DA’s new parliamentary leader John Steenhuisen. Picture: Tracey Adams/African News Agency (ANA)
Durban - The DA’s new parliamentary leader, John Steenhuisen, says he will still hold President Cyril Ramaphosa to account - just as his predecessor Mmusi Maimane did.

The assurance by Steenhuisen comes as rival opposition party the EFF and political analysts say Maimane was pushed out of the DA for his tough stance on the ANC and Ramaphosa.

Maimane was behind exposing the fact that Ramaphosa’s CR17 campaign for the ANC presidency in 2017 received a controversial donation of R500 000 from Bosasa.

The revelation was followed by a probe initiated by Maimane, who asked Public Protector advocate Busisiwe Mkhwebane to look into the matter.

During Mkhwebane’s probe, a trove of banking details from the CR17 campaign were leaked and names of donors laid bare. Included among those who donated to the campaign were known DA funders and supporters.

Asked on Tuesday whether he was going to be vigorous when dealing with Ramaphosa, just like Maimane had been, Steenhuisen replied: “As the parliamentary leader of the official Opposition I have an obligation to hold national government accountable for the exercise of their powers, and this will not change.”

He added: “It’s business as usual. We will continue to hold President Cyril Ramaphosa to account and will fight for the establishment of a Standing Committee on the Presidency to ensure greater oversight.”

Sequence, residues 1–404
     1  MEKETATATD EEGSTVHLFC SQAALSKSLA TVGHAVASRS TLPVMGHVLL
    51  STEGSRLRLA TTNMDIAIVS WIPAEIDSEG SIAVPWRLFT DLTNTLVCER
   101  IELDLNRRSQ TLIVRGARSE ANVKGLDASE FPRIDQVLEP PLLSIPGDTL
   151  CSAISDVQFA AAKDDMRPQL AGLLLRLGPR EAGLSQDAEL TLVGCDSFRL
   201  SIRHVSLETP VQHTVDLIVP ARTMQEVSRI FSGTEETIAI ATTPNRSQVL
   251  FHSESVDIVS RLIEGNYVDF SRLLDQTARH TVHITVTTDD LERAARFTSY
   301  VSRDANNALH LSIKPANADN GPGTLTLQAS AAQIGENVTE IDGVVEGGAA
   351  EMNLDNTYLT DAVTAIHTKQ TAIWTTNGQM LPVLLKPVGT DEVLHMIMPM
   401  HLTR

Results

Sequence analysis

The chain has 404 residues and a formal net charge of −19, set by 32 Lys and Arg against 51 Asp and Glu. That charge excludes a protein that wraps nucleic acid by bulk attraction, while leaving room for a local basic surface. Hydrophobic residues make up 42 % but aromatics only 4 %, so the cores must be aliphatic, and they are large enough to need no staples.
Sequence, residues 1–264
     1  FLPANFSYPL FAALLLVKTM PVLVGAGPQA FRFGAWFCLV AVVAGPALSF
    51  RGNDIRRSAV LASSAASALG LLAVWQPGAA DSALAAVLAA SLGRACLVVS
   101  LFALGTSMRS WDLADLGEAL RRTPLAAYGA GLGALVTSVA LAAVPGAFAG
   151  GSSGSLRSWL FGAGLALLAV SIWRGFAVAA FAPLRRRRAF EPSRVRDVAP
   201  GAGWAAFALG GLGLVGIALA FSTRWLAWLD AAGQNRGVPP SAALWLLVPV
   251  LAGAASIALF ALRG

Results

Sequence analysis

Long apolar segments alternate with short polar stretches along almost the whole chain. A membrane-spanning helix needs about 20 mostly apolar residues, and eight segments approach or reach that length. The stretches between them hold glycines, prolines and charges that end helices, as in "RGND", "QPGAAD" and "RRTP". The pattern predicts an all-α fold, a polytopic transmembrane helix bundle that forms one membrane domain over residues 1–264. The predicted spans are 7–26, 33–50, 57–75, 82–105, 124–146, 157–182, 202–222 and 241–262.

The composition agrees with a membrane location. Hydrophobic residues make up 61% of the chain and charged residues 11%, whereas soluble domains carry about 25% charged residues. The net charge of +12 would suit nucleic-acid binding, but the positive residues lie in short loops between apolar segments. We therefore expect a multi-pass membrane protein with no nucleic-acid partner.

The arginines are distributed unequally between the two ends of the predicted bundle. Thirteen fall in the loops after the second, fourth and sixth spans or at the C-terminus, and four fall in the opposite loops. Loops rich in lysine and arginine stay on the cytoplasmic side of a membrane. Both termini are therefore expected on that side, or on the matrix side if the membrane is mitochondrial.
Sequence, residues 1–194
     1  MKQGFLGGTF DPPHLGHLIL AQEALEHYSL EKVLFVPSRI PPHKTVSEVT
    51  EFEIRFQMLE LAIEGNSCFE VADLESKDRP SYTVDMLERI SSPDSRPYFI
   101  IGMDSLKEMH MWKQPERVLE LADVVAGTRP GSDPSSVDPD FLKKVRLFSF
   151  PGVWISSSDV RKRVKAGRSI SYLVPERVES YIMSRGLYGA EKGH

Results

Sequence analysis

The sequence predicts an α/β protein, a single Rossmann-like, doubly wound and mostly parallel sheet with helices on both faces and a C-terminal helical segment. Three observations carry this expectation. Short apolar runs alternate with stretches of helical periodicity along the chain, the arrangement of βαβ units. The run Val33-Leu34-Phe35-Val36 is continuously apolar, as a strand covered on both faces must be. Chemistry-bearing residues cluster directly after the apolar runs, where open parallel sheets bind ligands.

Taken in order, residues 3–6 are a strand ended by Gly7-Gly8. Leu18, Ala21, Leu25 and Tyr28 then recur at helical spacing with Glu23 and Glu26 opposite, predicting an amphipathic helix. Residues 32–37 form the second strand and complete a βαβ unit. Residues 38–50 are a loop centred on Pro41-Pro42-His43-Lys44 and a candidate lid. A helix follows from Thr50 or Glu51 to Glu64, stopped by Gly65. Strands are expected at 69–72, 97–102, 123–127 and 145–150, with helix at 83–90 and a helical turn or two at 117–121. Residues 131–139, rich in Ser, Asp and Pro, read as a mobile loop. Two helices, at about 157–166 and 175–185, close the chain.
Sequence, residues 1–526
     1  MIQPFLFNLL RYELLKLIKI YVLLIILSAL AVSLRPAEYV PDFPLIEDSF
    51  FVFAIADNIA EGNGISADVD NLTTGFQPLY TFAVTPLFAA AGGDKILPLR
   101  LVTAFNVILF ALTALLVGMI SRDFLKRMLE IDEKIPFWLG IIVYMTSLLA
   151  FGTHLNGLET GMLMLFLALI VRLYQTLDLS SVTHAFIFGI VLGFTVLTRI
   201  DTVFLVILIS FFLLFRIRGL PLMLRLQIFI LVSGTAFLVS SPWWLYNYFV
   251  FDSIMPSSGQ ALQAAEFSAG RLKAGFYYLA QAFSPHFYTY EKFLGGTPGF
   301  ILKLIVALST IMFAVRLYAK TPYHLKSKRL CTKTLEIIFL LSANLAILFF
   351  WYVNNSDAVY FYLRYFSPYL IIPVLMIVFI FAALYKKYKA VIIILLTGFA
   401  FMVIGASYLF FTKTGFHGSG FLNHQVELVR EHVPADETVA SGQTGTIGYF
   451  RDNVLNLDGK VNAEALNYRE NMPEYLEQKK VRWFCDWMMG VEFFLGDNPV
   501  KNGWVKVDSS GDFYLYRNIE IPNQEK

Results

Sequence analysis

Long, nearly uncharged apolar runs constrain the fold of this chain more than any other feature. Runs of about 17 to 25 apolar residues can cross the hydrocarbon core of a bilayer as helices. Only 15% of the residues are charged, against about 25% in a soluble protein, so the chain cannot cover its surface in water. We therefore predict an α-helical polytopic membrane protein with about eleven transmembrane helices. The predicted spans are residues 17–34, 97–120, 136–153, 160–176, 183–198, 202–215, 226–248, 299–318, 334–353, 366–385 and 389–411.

However, he did not answer questions on whether he was still going to pursue the issue of the R500000 Bosasa donation, like Maimane did, or would tone it down until the North Gauteng High Court ruled on the public protector report regarding the matter.

Political analyst Professor Sipho Seepe maintained the last straw for Maimane was the Bosasa donation, and his relentless pursuit of Ramaphosa.

“If Cyril (Ramaphosa) continues to be seen as representing white interests, the Steenhuisens (of this world) are going to be nice to him They will not be harsh on him,” said Seepe, who added that most DA supporters and funders were comfortable with the president and his style of politics, which they said was close to liberalism.

Another political analyst, Mighti Jamie, shared Seepe’s sentiments, saying under Steenhuisen the DA was likely to take a different approach when it came to Ramaphosa, adding that the party regarded the president as a good leader surrounded by bad people in the ANC.

He said likely to be handled with kid gloves included ministers Tito Mboweni and Pravin Gordhan.

Political Bureau